Why Fitness Apps Have Seen Strong M&A Interest From Large Brands

By on August 14, 2015

article-110Fitness apps have seen a spike in acquisitions in recent months—with massive non-technology companies jumping to make large deals. Adidas, Under Armour and Weight Watchers have all made recent acquisitions.

Tech startups have been seeing successful exits in the fitness and wearables sector, driven by strong interest from large brands looking to capitalize on the innovation, new users, revenue, brand lift and complementary products that these startups provide.

At Exitround we’ve seen non-technology companies with strong interest in buying tech companies in a range of sectors. Many of these large companies are looking for new innovative products, or are trying to compete better in a market or are looking to open new digital divisions.

Fitness apps, however, have seen a particular M&A surge in recent months—with some outsized deals. For example, Under Armour acquired nutrition tracking app and device company MyFitnessPal in Feburary for $475 million; Under Armour also bought activity tracking app Edomondo in January for $85 million and Gritness for an undisclosed amount.

With its recent acquisitions, Under Armour now has 120 million fitness app users. Last fall, Under Armour passed Adidas to become the second largest sports apparel brand in the U.S. Perhaps spurred by Under Armour, Adidas in August acquired fitness app Runtastic for $239 million. Weight Watchers, meanwhile, snapped up Y Combinator-backed weight-loss app Weilos in April, then picked up fitness video app Hot5 in May.

Fitness apps and related wearable technology are an many ways an ideal fit for the athletics industry. This technology fits into several massive trends, such as the quantified self and consumers’ interest in tracking their physical data; social media and sharing of information about with friends; and mobile devices that are being used in new ways in everything from extreme sports to running.

Athletics also naturally lends itself to measurement and analytics. Professional athletics today relies on data and statistics—from race times to advanced sabermetrics in sports such as baseball. And amateur athletes want to measure themselves as well, not just because they are following professional athletes’ lead, but also because data is how amateur athletes can measure their improvement, particularly in popular endurance sports such as running, cycling and the like. Athletes have become so dependent on these metrics now that many can’t imagine not using them. As the cycling meme goes, “if it’s not on Strava it didn’t happen.”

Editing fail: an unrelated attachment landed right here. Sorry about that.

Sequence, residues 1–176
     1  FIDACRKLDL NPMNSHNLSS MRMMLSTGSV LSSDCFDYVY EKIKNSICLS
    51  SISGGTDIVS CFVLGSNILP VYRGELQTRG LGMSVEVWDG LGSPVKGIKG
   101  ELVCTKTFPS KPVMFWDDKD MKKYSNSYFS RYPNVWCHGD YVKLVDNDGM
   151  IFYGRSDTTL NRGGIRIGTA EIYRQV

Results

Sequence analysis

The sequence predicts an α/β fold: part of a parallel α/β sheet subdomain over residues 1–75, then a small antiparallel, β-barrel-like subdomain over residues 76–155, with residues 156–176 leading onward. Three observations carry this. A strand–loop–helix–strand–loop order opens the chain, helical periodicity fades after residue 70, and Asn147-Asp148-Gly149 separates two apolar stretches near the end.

Unlike other lifestyle apps like food or photography, which use apps to do things like take photos or book restaurants, athletics use the mobile device as a mobile computer to analyze results and even give real time results during an event. As such athletics, and mobile apps (and new wearable devices) are a natural match.

So why are these large incumbents in the fitness/athletics industry so interested in new fitness apps? Many incumbents are traditional apparel brands with relatively slow growth, while new fitness apps are fast growth startups and have different business models (with larger margins) that appeal to these buyers. Secondly, as mentioned above, there is a natural synergy with health apps or wearables. This new technology makes people want to run or cycle or swim more – and naturally complements existing apparel, sports equipment or other athletic products. In some cases with wearables, they could even be directly integrated. As the CEO of Under Armour recently told the Wall Street Journal:

“One thing we emphatically know is that the more they work out, the more apparel and footwear they’re going to ultimately buy,” Under Armour Chief Executive Kevin Plank said of the company’s customers. Mr. Plank said the company will use insights gleaned from consumers sharing data across its platform to help make marketing decisions for its brand.

Third, fitness or wearable startups provide a brand lift for older large companies. At the same time, these startups often have a strong following among a younger demographic. For a teenager who may see Adidas as a brand that her father wears, Runtastic, Adidas’ recent acquisition, may be an app she uses everyday. Fourth, some incumbents may see moving into technology products as a way to increase their valuation among investors. Instead of being viewed as an apparel brand, they can attempt to be seen as a lifestyle device or technology brand. For companies looking for strategic options or trying to boost their stock price, this can be a factor.

Fitness apps are one of the more active sectors for M&A in recent months. Of course there are other sectors that also have strong interest from non-tech buyers. It would not be surprising to see similar spikes in M&A in other categories that have similar consumer interest along with large brand interest–areas such as personal health, fashion, and many more.

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